I just don’t know what to make of Ohad Hammer’s “optimistic” post on NPU vendor EZ-ChipLanOptics Subsidiary EZchip In Bed with Cisco – Seeking Alpha. I feel like I’m getting sucked into the “timeless” NPU argument that started with the LSI ATMizer back in the mid-90′s, then moved to Maker, then to Sitera/Agere/C-Port, and now to Ez-Chip ( and Cavium ). The NPU’s past is checkered with “niche” successes that couldn’t support development costs. It is interesting that Cavium’s IPO has shown that there is “optimism” for NPU vendors with “difficult” pasts. Very curious stuff.
Hammer covers Ez-Chip’s “difficult” past history: lot of cool product evolution and > 100 design wins, but no meaningful revenue Then he introduces EZ-Chip’s view that the CESR market may be the “inflection point” for NPUs and provides a “wild” unit forecast.
This fast growing market, dominated by Cisco, Alcatel-Lucent and Juniper is expected to be worth 6.5$ billion in 2007, growing to more than 9$ billion in 2010. EZchip’s management hopes that the migration towards ultra-fast, converged networks will ultimately lead vendors to design and build their platforms based on programmable NPUs such as EZchip’s. In fact, management claims this shift is already occurring.
According to the company, each successful CESR platform from a leading tier-1 vendor can potentially generate sales of tens of thousands chips annually, while each successful platform from a smaller vendor can potentially generate sales of several thousands chips annually. Assuming an average of 25,000 units per 6 tier-1 platforms and 2500 units per 10 small platforms, the numbers of chips sold annually might be around 175,000. Assuming a price per unit of 250$, total sales could reach 43.75$ million.
I’m still not convinced the NPU vendors are at an inflection point in CESR space. I completely agree that NPU’s are an integral part of the new CESR platforms ( just like NPU’s were integral to FR/ATM Switches). These NPU’s provide the higher functionality specialty cards for the boxes. I wrote about the chip architecture of these boxes last week and noted that the “Carrier Specific” chips in this architecture have not being doing well financially. Hammer’s post appears to reflect the fact that NPUs will not be used on every card in a CESR box with the forecast of 25k units per tier-1 platform, but there aren’t 6 “tier 1″ platforms that drive this kind of volume.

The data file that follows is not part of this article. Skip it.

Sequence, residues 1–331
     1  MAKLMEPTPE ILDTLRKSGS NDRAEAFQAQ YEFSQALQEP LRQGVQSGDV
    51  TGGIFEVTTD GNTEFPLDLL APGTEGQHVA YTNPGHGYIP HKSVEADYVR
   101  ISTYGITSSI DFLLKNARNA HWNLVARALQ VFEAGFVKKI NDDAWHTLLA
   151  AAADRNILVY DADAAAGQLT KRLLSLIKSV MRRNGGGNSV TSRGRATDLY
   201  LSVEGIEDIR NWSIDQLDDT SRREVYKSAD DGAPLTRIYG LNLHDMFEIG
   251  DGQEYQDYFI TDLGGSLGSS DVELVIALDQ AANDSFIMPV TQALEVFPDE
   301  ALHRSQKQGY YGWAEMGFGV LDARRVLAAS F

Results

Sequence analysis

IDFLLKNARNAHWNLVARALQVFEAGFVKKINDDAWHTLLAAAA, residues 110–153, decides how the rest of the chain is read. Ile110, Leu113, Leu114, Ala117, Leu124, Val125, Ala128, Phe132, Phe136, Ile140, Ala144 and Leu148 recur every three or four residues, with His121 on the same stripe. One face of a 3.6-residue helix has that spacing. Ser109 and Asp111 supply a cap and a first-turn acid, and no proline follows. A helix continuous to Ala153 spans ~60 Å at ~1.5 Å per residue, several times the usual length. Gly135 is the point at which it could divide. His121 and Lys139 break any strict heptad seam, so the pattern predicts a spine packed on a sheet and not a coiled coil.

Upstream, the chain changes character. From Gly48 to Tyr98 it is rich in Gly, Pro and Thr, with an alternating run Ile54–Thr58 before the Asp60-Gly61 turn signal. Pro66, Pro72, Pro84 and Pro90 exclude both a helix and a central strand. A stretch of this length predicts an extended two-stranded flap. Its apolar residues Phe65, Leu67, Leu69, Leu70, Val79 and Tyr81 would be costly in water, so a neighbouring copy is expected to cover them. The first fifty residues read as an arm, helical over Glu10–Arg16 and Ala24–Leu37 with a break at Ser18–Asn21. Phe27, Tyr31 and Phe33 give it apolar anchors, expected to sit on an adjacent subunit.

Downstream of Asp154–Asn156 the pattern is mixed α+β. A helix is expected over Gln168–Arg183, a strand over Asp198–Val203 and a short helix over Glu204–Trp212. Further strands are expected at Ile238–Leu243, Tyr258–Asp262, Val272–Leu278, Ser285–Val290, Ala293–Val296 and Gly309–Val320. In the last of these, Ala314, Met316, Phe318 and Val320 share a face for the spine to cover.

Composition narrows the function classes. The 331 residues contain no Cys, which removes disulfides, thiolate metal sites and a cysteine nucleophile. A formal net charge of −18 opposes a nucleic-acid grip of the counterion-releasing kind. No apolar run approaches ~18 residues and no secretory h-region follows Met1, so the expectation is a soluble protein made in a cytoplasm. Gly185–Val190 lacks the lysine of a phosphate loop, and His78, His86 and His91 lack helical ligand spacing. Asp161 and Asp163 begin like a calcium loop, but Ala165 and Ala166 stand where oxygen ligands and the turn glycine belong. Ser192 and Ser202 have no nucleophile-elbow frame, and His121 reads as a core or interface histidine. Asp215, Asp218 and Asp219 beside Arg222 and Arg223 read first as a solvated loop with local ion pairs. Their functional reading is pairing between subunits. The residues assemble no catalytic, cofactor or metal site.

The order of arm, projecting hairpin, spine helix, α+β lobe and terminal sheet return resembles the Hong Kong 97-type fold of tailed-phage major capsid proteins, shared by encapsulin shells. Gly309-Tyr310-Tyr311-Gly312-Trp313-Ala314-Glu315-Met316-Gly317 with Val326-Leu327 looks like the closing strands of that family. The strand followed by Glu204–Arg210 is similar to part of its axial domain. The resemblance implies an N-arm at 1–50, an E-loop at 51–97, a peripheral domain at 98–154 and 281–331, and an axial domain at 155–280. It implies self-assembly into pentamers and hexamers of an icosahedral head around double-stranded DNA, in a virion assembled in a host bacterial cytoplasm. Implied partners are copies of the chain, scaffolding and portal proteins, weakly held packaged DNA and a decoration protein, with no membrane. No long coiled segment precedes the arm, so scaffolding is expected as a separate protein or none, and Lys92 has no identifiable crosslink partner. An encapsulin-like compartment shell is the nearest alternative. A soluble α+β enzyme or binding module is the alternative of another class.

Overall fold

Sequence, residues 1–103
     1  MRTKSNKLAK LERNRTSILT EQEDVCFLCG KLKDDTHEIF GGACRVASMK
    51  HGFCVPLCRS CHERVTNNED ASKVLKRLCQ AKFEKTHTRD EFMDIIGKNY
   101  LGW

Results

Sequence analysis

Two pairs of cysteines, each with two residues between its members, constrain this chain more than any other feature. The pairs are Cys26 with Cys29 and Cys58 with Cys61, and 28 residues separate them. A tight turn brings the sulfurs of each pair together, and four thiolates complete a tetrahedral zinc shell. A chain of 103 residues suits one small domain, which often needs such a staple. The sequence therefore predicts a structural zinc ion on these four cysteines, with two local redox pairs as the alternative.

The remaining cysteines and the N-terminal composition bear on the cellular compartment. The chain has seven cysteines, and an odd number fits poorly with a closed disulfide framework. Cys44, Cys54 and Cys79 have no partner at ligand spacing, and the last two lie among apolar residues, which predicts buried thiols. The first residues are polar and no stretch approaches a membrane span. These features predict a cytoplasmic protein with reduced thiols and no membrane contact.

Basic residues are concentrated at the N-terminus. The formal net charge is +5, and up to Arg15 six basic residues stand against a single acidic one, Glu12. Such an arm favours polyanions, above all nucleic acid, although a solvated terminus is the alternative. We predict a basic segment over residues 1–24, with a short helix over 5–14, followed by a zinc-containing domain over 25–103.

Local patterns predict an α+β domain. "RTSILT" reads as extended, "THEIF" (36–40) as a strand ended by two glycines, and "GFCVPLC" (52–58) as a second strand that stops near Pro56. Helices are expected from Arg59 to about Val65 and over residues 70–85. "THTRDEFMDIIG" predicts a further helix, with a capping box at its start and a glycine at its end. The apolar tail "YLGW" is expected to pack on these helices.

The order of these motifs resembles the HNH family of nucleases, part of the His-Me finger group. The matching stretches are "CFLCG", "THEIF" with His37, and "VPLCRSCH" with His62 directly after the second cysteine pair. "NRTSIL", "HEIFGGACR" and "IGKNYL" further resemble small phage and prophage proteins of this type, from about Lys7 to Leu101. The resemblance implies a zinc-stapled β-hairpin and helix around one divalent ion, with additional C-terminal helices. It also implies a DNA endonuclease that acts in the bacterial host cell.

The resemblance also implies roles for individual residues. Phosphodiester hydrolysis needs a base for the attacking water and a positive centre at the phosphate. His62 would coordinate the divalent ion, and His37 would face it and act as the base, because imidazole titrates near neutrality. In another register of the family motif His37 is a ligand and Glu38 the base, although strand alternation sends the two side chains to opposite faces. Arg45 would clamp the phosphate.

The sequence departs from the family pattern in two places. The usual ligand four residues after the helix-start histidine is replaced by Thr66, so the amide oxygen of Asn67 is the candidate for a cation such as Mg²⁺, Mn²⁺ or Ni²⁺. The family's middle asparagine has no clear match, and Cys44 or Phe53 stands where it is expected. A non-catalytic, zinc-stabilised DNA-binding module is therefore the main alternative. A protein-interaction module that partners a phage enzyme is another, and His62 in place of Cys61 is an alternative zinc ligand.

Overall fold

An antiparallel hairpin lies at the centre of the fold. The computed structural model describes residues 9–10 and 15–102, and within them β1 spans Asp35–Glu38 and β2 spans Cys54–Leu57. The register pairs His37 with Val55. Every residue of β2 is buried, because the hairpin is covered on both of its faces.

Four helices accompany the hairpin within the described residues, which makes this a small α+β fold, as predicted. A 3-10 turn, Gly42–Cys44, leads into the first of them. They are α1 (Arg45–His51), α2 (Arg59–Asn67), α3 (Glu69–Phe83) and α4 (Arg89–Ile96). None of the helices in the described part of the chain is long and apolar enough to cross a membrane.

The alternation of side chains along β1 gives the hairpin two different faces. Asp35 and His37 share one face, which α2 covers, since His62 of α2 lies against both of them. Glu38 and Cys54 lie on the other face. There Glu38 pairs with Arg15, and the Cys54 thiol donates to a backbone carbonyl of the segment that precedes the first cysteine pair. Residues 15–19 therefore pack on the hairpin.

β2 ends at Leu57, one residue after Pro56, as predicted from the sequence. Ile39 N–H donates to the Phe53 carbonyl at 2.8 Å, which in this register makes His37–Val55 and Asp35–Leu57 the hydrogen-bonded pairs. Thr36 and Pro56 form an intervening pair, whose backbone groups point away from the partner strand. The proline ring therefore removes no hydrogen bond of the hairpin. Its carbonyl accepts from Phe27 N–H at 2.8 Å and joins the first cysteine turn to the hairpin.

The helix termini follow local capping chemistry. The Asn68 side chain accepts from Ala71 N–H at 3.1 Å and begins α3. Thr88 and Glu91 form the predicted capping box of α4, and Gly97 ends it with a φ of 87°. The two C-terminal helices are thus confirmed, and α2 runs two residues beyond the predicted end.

I also like the discussion on design win stickiness without a “peep” about how much it costs in “application support or software development” to win these designs and create this stickiness. Maker was very sticky in the ’90′s as well.
That said Ez-Chip have shown that they are survivors. They’ve built cool stuff, won significant technical designs, and won signficant customers. They are “for real”. Now they’ve just got to find a way to become profitable. This last point has yet to be done by any NPU vendor, and thus I continue to be skeptical.